It took a lot of thinking before I launched this blog. I was really worried about baring my innermost thoughts into the world wide web. I didn’t want people to treat me differently or feel sorry for me. I honestly feel very lucky in comparison to what others have to go through. When I went to bed on Sunday night, I still wasn’t sure if I would wake up with the guts to post it. I had a strange ending to the weekend and was feeling a bit “blurghhhh” and not as positive as I normally do. That’s life I suppose. But I sort of started doubting myself. “What difference can you make eh?!” “What’s even the point?!”. See I am human and not positive and chirpy all the time.
I still wasn’t sure the next morning. I was sat in front of my laptop staring into space and when I hit post on the first blog and then added the link on facebook, I was sat there with butterflies in my stomach, thinking “Ohhhhhhhh Rachel WHAT HAVE YOU DONE!”….
I then started planning a disguise and researching an impromptu emigration to China.
Then much to my surprise people started commenting with the most loveliest messages.
Then people started sharing the post. 100, 200, 300….a 1000!!!!
Then my emails started pinging and phone started ringing.
THEN the realisation that I had just shared a page of my diary with the world became real.
So I rang my best friend having a dramatic slight panic attack “Ok, have I done the right thing here?”…and her words to me were , “Rachel when you rang me and told me they had diagnosed you with MS, I was heartbroken and crying, but I knew, I absolutely bloody knew, you would do this one day, and turn it round to help other people…now stop being a divvy, cancel your flight to Shanghai and get your sh*t together!”
Nothing like someone you love putting you in your place is there.
I’ve been approached by newspapers wanting to cover the launch of my blog and my journey, a radio station has shown interest in me going on one of their shows, I’m in talks about going to speak at Liverpool University on their Health Degrees, the blog was even discussed in Edge Hill University on Wednesday during a lecture (!!!), and I may have the chance to become a guest blogger / writer for the MS society!
Not to even mention all the people I have been able to connect to with MS all over the world and all the people who may now understand what MS is about, that little bit more. I’m so humbled by people taking the time out of their day to read and comment. Even people I haven’t seen for twenty years or have ever met. You are all such a lovely bunch.
So, anyway all that waffle was to tell you, that it was definitely worth it. Fear holds us back from so much, I never want to be someone who is held back by the “what if’s” even more so now, sometimes we just need to have the balls to man up and go for it.
So I just wanted to use this 5th blog to recap on some of the things I have learnt so far on my little journey with MS….this isn’t an exhaustive list, be warned.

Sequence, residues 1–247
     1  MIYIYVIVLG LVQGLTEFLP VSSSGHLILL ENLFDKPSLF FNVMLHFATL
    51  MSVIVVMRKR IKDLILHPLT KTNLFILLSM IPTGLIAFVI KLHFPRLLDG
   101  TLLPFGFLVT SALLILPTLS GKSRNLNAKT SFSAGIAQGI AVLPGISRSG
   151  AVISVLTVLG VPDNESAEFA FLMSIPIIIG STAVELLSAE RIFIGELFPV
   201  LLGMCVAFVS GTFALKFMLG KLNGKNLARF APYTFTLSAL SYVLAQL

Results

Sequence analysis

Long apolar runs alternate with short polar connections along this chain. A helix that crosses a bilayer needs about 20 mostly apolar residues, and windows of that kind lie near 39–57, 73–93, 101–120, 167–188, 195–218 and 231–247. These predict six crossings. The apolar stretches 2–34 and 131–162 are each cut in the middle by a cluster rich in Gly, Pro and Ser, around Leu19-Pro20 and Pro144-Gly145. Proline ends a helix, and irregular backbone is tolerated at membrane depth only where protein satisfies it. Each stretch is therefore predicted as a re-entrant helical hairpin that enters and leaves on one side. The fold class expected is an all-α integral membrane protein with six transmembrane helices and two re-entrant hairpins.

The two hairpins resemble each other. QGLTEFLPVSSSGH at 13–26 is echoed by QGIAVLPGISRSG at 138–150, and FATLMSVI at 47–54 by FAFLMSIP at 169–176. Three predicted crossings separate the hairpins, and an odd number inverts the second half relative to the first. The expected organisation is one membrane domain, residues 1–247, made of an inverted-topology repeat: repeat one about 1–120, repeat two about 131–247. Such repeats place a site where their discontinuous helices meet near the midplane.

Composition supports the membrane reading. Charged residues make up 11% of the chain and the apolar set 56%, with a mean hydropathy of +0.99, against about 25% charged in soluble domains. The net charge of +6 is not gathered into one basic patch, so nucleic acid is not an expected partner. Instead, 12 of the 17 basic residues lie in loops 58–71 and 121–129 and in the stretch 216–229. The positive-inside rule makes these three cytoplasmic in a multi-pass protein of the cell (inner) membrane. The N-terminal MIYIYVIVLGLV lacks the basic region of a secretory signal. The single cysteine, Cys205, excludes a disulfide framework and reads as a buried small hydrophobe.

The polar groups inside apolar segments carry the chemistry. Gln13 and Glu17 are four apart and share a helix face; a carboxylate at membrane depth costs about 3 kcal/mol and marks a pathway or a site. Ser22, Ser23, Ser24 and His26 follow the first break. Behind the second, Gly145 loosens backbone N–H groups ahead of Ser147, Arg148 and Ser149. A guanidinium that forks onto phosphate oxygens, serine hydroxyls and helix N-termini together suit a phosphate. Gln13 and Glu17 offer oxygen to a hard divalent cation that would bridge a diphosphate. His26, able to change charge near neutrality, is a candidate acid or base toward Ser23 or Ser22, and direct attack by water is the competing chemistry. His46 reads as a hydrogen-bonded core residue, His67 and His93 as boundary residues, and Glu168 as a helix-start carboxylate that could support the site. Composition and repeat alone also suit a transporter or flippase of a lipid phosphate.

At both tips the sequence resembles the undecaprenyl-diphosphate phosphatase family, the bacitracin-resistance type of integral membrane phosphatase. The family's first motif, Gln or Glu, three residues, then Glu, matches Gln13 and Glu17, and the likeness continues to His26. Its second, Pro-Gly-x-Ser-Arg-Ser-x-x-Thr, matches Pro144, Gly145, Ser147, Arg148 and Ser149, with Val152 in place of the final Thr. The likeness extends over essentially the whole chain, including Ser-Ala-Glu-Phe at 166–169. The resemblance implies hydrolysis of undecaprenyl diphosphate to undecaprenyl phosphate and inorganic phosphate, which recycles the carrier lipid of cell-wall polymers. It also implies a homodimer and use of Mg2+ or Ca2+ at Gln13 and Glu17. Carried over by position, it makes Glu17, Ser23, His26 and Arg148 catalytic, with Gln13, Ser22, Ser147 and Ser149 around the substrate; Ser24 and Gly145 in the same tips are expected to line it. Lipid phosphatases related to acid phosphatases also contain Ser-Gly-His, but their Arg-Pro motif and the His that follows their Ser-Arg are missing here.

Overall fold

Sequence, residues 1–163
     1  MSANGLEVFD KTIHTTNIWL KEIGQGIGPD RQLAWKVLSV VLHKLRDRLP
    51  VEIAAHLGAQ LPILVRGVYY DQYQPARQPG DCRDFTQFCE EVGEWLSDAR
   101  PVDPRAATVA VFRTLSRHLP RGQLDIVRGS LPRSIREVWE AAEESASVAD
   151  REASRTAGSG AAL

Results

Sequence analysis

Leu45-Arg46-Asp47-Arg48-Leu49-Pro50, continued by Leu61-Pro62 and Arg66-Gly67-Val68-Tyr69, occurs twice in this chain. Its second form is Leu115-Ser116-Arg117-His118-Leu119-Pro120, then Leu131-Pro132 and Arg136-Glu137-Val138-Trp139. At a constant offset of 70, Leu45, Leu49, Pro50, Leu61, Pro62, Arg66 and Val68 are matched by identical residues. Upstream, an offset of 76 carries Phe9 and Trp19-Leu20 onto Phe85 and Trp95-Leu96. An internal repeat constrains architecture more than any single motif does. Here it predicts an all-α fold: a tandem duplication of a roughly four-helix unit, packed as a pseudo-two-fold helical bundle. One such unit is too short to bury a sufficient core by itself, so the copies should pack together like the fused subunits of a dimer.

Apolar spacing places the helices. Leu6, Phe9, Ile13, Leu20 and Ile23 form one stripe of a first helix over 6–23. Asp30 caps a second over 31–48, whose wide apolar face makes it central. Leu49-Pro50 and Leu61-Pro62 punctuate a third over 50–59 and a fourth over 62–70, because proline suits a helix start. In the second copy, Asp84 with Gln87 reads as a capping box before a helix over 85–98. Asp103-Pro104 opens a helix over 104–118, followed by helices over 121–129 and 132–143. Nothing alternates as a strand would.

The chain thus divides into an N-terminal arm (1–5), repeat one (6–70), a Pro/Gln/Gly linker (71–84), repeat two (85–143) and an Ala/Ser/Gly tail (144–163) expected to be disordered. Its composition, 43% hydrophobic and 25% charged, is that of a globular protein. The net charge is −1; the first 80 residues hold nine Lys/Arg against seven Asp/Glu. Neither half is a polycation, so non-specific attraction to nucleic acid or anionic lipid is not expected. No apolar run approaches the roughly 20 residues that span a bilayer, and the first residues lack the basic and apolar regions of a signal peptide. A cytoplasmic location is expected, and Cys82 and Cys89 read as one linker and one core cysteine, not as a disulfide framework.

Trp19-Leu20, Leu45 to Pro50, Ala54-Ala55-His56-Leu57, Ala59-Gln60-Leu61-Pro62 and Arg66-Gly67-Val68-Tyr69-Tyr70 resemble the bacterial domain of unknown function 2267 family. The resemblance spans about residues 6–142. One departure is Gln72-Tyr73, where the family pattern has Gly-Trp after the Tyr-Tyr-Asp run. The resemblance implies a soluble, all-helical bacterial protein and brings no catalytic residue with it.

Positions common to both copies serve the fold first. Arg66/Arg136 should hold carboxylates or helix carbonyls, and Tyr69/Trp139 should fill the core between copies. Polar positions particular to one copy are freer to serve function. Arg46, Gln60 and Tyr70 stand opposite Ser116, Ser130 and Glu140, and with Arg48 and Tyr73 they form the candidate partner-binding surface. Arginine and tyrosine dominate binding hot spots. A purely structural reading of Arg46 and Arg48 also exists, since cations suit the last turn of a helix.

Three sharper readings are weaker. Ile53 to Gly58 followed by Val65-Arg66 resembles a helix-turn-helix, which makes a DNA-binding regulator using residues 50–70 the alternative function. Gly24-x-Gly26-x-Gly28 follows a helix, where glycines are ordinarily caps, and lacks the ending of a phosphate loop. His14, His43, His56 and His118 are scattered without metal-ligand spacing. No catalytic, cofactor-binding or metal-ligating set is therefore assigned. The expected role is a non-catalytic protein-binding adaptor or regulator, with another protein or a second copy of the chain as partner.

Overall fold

1. You will not die the first night after your diagnosis, nor the second, even the third. As time goes on, you will also start to feel less afraid that you are going to die and will stop planning on what kind of buffet you want and which selfies you will allow to be shown, at your funeral.
2. If you couldn’t dance like Beyoncé yesterday, and still can’t after your MS diagnosis. It is not MS’s fault. However easy it may be to blame it on the MS. You just have to accept you’re a crap dancer and maybe take up knitting (true story).
3. If someone asks you when you’re going to need a wheelchair, or if you are going to give up work to rest, then throw the nearest large object at them. Firstly it is none of their business. Secondly, just because they have asked you, it doesn’t mean it is going to happen. Thirdly, put it right back on their toes and ask them when they think they will be in a wheelchair, its great watching them squirm trying to answer that one.
4. You are still the same person. You may feel like you are now walking round with a “I’M DISABLED, LOOK AT ME HELLLLYYYYYYOOOOO” sticker on your head. But you aren’t. And I believe you have two options, either become:
a) the girl with MS called Rachel
b) A girl called Rachel, who loves life, crime novels, taking pictures and walking in the countryside with a pack of pork pies, who is a bit clumsy, 5 minutes late for everything and will always be the last to pick what they want off the menu (food envy issues) also when drunk thinks she can rap ‘Sugar Hill gang’ style and slut drop like an extra off dirty dancing. Oh and she also has MS.
5. If you are single, it does not mean you won’t have the happily ever after you have always dreamed about and meet your knight in shining armour. This is probably more due to the fact that you rap when drunk in public. Don’t lose hope that there is a nice genuine guy, who will accept you for who you are, warts n all. If they don’t, then they were never right. Kick em to the kerb, and get yourself back out there.
6. If you are currently awaiting a brain scan and a bit apprehensive over the results, then do not go and join a book club for the first time in your life on a whim, then overthink and believe God is sending you a sign, when the first book that’s been sent for you to read is called ‘As I Lay dying” by William Faulker . Keep telling yourself it is not a sign, over.and.over.again. J
Thanks for reading again you lovely people,
Have a great weekend, I know I will!